“I remember Mel B was playing pool and my boys were just like... tongues out! I mean, she was so hot – she’s hot now – but she was so fucking ridiculously hot. She had a leopard skin catsuit on. I also remember Prince came in in a flight case. It was so obvious he was in there. It was hilarious. We were like: ‘Why can’t he just walk past like everyone else?’”

On Donald Trump and Boris Johnson

“If the Democrats don’t grow some balls, and understand what Trump is doing and how, and attack that, bring that down, then in four years’ time it’s just going to be worse. It’s not getting any better. And because of the rhetoric, because Trump doesn’t concede, QAnon, all that stuff, that’s all very anti-left wing, anti-Biden, anti-Harris, anti-Bernie Sanders, anti-Elizabeth Warren, anti-The Squad. America’s in a very dangerous position. And it has an effect. We wouldn’t have Boris Johnson or Brexit if it wasn’t for Trump.

“You wouldn’t have what’s going on in Poland, Brazil, France and Germany. Manipulation of misinformation – they watch Trump and copy. That’s what’s worrying. It’s going to get worse for us in England. We have someone who’s looking at what Trump’s doing and seeing what works. It’s adapting to every country. That’s not good for us. Trump is acting like a Hitler. He’s doing things the fascists did in the 1930s. People say ‘How did Germany happen?’ Look at fucking America! It can happen in England, it can happen in many countries around the world. Look at what’s happening to gay people in Russia.”

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On wedding planning

“We’re not planning anything in a lockdown. We’re not doing a Zoom wedding. We want a wedding where everyone can be there. She’s an event planning party queen, so LadyFag will definitely be taking over a lot of those reins. But I’ll sort the music out!”

On her friendship with Alexander McQueen

“We bonded because he saw something more real, authentic and down to earth in me than he was seeing in a lot of fashion people. I was a Brixton poor kid and he was always, first and foremost, an East End boy. We came from completely different backgrounds but we had the same energy. What’s happening now, in terms of somebody like me being successful, he saw that in the 90s. Skunk Anansie were completely different from everything else around. For a lot that was negative, but for McQueen it was positive. He saw that and welcomed me. We became friends. I didn’t see him much in the last years of his life, because it was all a bit mad and we were on tour. He was the enfant terrible of fashion. He didn’t believe the bullshit from the fashion people. I didn’t understand that world either.”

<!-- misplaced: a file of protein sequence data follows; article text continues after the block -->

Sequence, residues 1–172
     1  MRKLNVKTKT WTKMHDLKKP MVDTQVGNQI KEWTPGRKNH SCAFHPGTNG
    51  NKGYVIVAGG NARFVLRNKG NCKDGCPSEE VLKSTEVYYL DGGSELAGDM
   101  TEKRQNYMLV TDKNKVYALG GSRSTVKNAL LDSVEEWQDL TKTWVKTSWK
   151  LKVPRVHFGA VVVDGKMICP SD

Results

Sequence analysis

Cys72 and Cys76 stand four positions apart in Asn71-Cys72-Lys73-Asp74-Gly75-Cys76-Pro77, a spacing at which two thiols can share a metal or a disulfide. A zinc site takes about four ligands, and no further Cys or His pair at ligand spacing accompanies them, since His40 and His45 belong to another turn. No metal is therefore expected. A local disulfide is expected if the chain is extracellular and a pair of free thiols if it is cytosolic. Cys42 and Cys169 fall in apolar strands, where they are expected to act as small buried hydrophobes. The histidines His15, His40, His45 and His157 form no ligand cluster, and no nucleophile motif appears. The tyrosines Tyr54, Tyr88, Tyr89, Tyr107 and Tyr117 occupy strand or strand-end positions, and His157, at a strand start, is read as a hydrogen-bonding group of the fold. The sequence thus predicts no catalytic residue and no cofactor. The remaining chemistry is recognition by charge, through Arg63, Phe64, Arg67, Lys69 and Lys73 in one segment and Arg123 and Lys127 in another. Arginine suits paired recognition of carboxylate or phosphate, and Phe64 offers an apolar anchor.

On meeting George Michael "a few times"

“I judge people after I’ve met them three of four times. Some people, whose names I won’t mention, are nice depending on who you’re talking to. If you’re at a party talking to Kate Moss, certain people will come over and say hello. But if they see you in the street, they’ll pretend they don’t see you. George Michael, him and his sister were both genuinely lovely. Really warm. A lot of very talented people are like that. [...] I value that, because in our business there’s a lot of fake, affected people; social climbers. Especially now people think being famous is a profession - that they don’t have to have any talent behind that.”

On Hay Fest

“They really liked the book so they asked Lucy [O’Brien, 'ITBAG' co-author] and I to be involved. I’ve never been to the festival before. I’ve not written a book before! I’m looking forward to it. I’ve done one online festival and it is kind of weird. You’re having a conversation and you’re conscious people are watching, but you can’t see them. I do a lot of DJing – I did [before corona]!- and it’s all about reading a room. This has a different energy. But I'm really glad people are adapting and changing. People more now than ever need things like the Hay Festival to happen."

Catch Skin at the Hay Festival Winter Weekend, taking place from Friday 27 November 2020 to Sunday 29 November 2020. Glasto pic: Wiki.